Forum for Science, Industry and Business

Sponsored by:     3M 
Search our Site:


Farming After the Flood

Flooding events in 2011 and previous years have greatly impacted America’s prime farmland. Floodwaters left sediment and debris, eroded large parts of producers’ fields and, in many cases, left land devastated.

“Strategies to rebuild the soil, the foundation of all agricultural production, are essential to ensure that agricultural lands impacted by the floods are productive again,” said Congressman, Tom Latham (IA-4), co-chair of the Congressional Soils Caucus. “Sediment and debris removal and reconstruction of fields after erosion can be extremely costly. It is essential to have strategies and programs in place that assist producers in this regard.”

The American Society of Agronomy (ASA) and the Soil Science Society of America (SSSA) sponsored a Congressional educational briefing, “Farming after the Flood”, on October 26th. The briefing focused on the impacts, mitigation approaches, and costs related to farmland flooding. The three speakers providing information on these main aspects of flooding included:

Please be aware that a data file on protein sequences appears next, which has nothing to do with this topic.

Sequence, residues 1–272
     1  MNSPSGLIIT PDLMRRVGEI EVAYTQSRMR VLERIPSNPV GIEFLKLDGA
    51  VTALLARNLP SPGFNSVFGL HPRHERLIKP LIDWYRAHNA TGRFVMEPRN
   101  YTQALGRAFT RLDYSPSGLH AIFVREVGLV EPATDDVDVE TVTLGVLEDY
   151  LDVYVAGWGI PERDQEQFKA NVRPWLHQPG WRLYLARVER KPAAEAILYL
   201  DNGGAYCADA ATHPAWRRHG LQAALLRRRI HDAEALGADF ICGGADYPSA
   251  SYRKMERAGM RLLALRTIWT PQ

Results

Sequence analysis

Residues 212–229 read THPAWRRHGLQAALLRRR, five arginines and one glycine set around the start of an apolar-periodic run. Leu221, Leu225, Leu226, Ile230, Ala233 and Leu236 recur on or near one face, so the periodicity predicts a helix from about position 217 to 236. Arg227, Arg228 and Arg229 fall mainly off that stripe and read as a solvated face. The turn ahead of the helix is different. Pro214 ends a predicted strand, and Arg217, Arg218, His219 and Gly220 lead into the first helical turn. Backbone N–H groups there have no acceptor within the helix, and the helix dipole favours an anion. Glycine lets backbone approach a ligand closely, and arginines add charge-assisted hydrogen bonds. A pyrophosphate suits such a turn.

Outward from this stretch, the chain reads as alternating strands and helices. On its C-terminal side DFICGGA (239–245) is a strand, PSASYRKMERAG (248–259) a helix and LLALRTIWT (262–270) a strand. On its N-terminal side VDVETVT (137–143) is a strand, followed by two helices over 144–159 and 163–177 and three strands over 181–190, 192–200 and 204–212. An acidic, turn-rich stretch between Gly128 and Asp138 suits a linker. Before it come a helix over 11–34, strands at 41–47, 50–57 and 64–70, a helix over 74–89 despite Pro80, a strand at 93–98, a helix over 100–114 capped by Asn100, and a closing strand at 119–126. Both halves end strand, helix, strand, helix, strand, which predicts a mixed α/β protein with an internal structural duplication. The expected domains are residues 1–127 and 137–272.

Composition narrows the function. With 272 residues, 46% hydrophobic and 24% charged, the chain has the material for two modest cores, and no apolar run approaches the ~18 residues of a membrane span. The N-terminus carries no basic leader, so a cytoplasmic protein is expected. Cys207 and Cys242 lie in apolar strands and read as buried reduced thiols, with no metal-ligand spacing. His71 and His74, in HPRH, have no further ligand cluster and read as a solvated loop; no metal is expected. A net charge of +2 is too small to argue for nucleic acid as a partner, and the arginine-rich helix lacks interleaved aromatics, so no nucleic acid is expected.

• Scott Olson, a farmer from Tekamah, Nebraska (NE), discussed the economic and environmental impacts that flooding has had on his family operated corn and soybean farm, as well as on other producers in Burt County, NE located near the Missouri River. Since May 28, Scott has documented the 2011 Missouri River Flood with over 3,000 aerial photographs. You can find photos of the flood at:

• John Wilson, an extension educator with the University of Nebraska-Lincoln Extension, discussed the common problems farmers encounter in post-flood recovery and presented a series of management options for addressing these challenges. John co-leads a team of extension staff from Iowa State University and the University of Nebraska-Lincoln to reclaim agricultural land devastated by the 2011 Missouri River Flood. Archives of related webinar presentations are located at:

• James Callan, a crop insurance consultant, provided insight into the Federal crop insurance program that is available to mitigate the negative economic impacts from flooding damage and crop yield losses. James served six years in USDA, from 2003 to 2009, in the capacity of Chief of External Affairs, Associate Administrator, and Acting Administrator of the Risk Management Agency, which collectively administer the multi-billion dollar Federal crop insurance program.